Many Maine farms currently operating have woodlots with native Balsam currently underutilized as a cash crop or supplementary income source. Many Maine vegetable and small fruit operations see a reduction of income from November-May in their “off-season” leading to the inability to employ staff year-round or live a higher quality of life. Furthermore, organic certification of one's woodlot creates the opportunity to welcome wreath makers, tippers, and other value-added conifer product entrepreneurs to harvest organically certified material for landowners' profit.  Celebration Tree Farm will both provide educational workshops and create a Guide to Ecological, Organic Christmas Tree Farming for aspiring conifer producers to eliminate barriers to entry to this exciting native crop.


Click linked name(s) to expand/collapse or show everyone's info
  • Richard Hodges (Educator)
  • Jason Lilley - Technical Advisor


Materials and methods:
  1. Research and compile best practices of regenerative, organic Christmas tree farmers around the country and to connect these farmers together


Creation of  A Guide to Ecological, Organic Christmas Tree Farming will begin with documentation at Celebration Tree Farm. Documentation will include a step-by-step process for properly harvesting a tree using the coppice cut technique. Poor cuts and tree failure will also be displayed as a reference. Photos and text documenting post-cut practices including pruning, canopy thinning and improvement, leader selection, and removal of neighbor competing trees will also be documented. Value-added production of conifer products such as tipping for wreath material, shredding/chipping for aromatic products, and boiling/reducing into soaps, salves, and oils will also be highlighted in the Guide.  Additionally compiled in our guide will be the outcome of our outreach and research about producers nationwide who also use coppice culture harvesting, other ecological forestry practices, and/or conifer value-added production.   Information acquired from these producers will be the result of in-person, phone/zoom calls or otherwise direct contact with the producer. Producers will be encouraged to share photographs, meaningful data on conifer product growth, economic data, sales & market trends, and climacteric challenges in production. Outreach to Cooperative Extension in states with the nation's highest gross product sales (Oregon, North Carolina, Michigan, Minnesota) will yield additional resources and information for our Guide. We will also consult with forestry professors at the University of Maine to help provide content for the Guide.  Fertig-Burd and Prohl will work on this guide and will consult with our Technical Advisor to support the creation of the guide.  Fertig-Burd will do the editing and layout of the guide and it will be printed locally in Maine.  At the conclusion of this project, the Guide will be available in a hardcopy format for interested parties, as well as a digital version which will be shared widely within farm networks and service provider groups such as Cooperative Extension in hopes of reaching the widest audience of potential producers as possible. In summation, the guide will contain the following:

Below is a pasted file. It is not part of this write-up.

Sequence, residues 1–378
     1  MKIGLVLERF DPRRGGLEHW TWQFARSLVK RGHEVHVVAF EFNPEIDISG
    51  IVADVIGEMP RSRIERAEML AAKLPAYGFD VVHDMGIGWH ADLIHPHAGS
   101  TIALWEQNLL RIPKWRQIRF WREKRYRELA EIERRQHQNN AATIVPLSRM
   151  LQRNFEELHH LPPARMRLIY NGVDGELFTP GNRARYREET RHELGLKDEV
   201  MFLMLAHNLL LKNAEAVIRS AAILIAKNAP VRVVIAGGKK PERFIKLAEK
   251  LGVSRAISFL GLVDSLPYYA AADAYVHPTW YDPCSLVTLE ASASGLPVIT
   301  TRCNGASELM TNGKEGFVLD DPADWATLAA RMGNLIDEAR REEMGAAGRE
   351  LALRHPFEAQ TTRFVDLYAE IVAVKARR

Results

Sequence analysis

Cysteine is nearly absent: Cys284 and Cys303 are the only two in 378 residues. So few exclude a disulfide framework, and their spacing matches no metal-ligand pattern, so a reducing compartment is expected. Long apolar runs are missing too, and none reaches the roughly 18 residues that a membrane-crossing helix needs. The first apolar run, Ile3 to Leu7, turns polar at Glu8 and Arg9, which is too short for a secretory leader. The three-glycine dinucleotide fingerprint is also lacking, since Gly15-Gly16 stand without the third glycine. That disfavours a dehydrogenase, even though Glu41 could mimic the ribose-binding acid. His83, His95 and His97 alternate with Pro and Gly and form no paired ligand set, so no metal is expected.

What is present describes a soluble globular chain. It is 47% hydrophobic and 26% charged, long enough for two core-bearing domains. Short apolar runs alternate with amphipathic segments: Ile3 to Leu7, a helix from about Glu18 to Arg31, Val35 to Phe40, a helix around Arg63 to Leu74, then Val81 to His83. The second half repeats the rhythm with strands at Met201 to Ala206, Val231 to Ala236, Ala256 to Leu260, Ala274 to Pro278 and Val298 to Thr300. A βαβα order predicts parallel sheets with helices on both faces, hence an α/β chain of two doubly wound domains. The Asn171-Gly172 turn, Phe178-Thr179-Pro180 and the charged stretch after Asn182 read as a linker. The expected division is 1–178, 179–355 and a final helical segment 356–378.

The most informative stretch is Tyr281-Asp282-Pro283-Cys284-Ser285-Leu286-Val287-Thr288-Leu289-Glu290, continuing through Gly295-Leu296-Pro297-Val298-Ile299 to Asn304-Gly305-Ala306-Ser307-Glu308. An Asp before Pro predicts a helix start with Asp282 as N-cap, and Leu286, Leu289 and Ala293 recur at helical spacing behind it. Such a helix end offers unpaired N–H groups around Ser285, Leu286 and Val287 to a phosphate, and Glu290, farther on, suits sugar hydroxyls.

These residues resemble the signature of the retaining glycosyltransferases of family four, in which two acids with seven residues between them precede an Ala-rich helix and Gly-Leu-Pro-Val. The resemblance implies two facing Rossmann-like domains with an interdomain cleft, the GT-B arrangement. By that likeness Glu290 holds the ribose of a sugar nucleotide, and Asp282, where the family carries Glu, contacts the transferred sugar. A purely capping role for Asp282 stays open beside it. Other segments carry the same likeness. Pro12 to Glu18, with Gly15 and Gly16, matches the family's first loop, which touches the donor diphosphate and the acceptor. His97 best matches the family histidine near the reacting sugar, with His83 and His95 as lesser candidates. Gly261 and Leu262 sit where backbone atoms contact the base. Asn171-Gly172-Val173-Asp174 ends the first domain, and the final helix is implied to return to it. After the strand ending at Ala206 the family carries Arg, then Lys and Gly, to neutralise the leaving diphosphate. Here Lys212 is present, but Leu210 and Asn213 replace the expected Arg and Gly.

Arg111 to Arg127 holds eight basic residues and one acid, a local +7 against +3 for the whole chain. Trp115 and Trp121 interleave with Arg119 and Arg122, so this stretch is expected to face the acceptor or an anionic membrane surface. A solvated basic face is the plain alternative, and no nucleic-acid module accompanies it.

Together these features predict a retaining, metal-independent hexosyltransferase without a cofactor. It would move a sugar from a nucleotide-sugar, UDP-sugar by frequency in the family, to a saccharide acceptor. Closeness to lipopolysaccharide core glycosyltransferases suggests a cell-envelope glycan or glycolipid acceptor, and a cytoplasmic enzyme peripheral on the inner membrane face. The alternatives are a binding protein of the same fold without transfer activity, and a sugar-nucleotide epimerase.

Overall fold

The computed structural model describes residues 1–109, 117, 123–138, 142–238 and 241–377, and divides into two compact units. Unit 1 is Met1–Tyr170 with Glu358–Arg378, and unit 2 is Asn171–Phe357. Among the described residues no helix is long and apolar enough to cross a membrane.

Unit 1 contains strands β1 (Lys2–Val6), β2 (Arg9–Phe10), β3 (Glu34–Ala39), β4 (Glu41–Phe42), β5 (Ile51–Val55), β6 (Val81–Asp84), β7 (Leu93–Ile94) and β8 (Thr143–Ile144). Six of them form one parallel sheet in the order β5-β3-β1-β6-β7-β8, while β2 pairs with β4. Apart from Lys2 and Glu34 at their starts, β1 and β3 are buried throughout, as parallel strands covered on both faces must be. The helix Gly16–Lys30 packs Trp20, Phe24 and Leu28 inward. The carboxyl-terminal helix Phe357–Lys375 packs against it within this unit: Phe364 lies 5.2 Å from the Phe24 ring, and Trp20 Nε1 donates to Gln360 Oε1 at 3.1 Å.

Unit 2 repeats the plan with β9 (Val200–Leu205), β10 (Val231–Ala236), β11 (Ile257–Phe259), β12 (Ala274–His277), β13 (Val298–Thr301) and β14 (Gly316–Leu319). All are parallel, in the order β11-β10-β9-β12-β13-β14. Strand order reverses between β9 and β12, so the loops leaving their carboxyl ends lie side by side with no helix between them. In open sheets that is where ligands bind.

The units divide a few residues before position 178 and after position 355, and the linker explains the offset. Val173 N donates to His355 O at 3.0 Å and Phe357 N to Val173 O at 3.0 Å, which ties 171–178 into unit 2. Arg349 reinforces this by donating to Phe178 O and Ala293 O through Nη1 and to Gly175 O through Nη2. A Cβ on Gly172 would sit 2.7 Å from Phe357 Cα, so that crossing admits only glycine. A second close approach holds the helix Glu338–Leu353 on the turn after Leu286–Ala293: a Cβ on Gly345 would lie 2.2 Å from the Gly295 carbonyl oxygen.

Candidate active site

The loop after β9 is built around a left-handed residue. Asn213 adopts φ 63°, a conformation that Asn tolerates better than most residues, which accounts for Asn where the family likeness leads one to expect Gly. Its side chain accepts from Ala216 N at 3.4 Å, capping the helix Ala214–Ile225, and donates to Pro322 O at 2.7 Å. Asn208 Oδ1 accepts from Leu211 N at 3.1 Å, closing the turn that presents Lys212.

1. What is ecological Organic Christmas Tree farming?
  2. Identifying Conifer species on your woodlot
  3. Coppice-culture: where you cut matters!
  4. Best Management Practices, Processes & Materials
  5. Value-added conifer production, What's possible with your products?
  6. Marketing & Sales
  7. Financials & Enterprise entry
  8. Long-term management of value-added conifer forests
  9. Conifers across the country, different species, and similar practices.
  10. Identification of Pest, Disease, and climacteric stressors in your woodlot.